By Pooya Stone

Social media company Twitter has suspended several accounts belonging to Iranian news agencies for their alleged harassment of people who follow the Baha'i faith; a persecuted religious minority in Iran.

On Saturday, state-run news agencies IRNA and Mehr, as well as Young Journalists Club (YJC), run by state broadcaster IRIB, were just some of the Farsi-language accounts suspended on Saturday, while Fars agency and English-language Press TV remain active.

The affected agencies suspected that their suspensions were linked to their reporting of increasing tensions in the Persian Gulf, specifically their coverage of Iran's seizure of a British-flagged oil tanker in Omani territorial waters on Friday.

YJC called it the result of “British pressure on the operators of this social network” and Mehr said that it didn’t know the reason, but noted that its account had been suspended shortly after the Iranian Revolutionary Guards Corps (IRGC) seizure of the tanker in the Strait of Hormuz.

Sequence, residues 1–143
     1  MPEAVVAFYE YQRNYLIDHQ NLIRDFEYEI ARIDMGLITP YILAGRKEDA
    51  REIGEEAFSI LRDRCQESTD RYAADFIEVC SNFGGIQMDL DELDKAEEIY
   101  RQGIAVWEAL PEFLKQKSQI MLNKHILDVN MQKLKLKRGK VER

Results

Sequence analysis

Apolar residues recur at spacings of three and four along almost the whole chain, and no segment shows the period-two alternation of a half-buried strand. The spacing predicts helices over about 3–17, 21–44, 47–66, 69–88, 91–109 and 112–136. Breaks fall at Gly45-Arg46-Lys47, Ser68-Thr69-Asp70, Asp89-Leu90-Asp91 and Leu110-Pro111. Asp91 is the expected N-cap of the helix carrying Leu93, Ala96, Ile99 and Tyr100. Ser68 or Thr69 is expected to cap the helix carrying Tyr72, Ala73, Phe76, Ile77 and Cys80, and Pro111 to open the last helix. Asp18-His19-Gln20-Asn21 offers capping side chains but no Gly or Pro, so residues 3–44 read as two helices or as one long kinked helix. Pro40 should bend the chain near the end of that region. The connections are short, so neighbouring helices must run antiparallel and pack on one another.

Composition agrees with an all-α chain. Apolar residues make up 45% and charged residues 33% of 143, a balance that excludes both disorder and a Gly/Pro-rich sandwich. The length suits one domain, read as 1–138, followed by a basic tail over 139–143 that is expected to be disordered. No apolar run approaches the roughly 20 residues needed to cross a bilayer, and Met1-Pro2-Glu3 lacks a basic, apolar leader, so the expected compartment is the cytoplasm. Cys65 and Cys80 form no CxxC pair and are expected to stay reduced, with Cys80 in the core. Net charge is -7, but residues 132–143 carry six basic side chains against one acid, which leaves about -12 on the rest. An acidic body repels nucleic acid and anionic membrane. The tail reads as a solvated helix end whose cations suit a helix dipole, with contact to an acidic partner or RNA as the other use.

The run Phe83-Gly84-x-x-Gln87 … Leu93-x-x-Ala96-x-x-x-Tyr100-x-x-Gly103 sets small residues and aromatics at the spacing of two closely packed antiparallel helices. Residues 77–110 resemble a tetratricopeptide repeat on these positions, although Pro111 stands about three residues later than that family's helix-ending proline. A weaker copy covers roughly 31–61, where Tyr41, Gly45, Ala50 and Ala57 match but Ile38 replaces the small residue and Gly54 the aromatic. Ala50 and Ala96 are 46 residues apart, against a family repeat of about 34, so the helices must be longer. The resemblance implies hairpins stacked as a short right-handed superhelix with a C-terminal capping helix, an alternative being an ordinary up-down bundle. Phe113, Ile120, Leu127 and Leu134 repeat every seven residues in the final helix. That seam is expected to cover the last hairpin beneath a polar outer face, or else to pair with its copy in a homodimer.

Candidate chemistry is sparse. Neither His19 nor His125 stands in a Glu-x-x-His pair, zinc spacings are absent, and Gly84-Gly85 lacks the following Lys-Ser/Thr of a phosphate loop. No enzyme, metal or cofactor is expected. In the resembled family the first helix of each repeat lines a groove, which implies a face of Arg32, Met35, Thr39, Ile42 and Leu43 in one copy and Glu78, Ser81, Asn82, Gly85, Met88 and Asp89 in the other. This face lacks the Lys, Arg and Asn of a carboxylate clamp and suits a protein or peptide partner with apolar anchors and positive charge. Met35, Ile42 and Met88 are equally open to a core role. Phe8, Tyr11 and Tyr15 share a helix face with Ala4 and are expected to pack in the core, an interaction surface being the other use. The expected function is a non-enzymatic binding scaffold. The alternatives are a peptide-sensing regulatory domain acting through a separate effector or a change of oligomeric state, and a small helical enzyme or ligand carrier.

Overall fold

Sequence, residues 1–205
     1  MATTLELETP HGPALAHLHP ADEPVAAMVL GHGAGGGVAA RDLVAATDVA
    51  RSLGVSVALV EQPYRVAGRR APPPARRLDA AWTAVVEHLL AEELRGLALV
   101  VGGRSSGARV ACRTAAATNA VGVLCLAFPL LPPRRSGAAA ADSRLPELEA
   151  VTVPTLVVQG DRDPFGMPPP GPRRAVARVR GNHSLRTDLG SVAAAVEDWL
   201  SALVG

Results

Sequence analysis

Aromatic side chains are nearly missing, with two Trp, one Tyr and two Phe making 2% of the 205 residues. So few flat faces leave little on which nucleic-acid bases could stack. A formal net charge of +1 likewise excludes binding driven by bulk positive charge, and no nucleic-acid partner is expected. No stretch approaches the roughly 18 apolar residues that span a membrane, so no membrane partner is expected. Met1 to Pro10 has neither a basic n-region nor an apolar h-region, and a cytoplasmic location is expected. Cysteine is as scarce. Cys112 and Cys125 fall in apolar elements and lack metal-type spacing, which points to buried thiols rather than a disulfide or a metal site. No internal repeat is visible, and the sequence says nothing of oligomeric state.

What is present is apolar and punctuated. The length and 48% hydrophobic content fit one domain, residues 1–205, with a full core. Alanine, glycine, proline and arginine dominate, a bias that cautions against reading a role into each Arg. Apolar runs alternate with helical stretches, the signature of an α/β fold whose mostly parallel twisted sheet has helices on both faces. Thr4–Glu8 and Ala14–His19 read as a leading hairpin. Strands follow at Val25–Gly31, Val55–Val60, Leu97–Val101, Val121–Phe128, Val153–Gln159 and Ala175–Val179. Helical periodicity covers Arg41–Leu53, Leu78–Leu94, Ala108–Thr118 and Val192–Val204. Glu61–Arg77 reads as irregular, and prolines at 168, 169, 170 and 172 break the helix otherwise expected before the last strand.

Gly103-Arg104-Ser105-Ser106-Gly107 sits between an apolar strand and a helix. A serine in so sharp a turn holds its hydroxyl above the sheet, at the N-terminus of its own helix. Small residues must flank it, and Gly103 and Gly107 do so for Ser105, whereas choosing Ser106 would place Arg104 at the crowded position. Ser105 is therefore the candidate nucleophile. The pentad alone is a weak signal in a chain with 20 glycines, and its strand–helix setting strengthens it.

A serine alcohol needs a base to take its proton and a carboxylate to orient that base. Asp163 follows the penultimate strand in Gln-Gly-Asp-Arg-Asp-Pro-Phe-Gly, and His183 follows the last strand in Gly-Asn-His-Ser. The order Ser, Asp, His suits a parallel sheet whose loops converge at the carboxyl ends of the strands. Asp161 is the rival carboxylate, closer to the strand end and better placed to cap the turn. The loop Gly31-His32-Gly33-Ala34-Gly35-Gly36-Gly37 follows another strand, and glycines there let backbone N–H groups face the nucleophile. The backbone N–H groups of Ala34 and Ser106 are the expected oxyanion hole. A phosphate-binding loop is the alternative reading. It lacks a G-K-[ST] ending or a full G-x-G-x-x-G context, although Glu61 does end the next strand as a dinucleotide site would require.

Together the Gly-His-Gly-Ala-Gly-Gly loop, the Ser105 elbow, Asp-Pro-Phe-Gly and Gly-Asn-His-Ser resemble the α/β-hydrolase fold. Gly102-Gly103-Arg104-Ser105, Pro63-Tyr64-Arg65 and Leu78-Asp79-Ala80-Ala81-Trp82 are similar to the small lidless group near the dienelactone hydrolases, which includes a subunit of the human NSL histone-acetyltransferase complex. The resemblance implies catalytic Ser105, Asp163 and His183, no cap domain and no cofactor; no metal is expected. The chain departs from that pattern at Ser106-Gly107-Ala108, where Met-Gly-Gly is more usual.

However, a Twitter source confirmed to the BBC and several other news outlets that the accounts were suspended for coordinated, targeted, and ongoing harassment of Baha'is.

The sources said: “We have suspended a series of accounts for multi-account abuse and other forms of platform manipulation. These accounts were engaging in coordinated and targeted harassment of people associated with the Bahai faith."

There are over 300,000 members of the Baha'i community in Iran, a denomination of Islam that broke off from the major religion about 150 years ago in Iran, and around five million members worldwide.

But Iran does not recognise the religion, considering it unorthodox, so followers are harassed, prosecuted and imprisoned. In fact, Baha'is say that hundreds have been killed since the clerical authorities took power and many more have been imprisoned and tortured.

Instead, Human Rights Watch said that Baha'is access to education is also severely restricted with members of the religion banned from enrolling at universities and expelled if their faith is found out.

The account of Iran’s hard-line Speaker Ali Akbar Raefipoor is also offline, although it should be noted that there is no real distinction between hard-line and moderate clerics in the regime as all work to ensure that the wishes of Supreme Leader Ali Khamenei are carried out, according to Iran observers.

Twitter has previously banned thousands of fake accounts linked to a cyber campaign by the Iranian authorities.

While Twitter is officially banned in Iran, it does not apply to prominent government members or institutions. Ordinary Iranians access the service using virtual private networks (VPNs).

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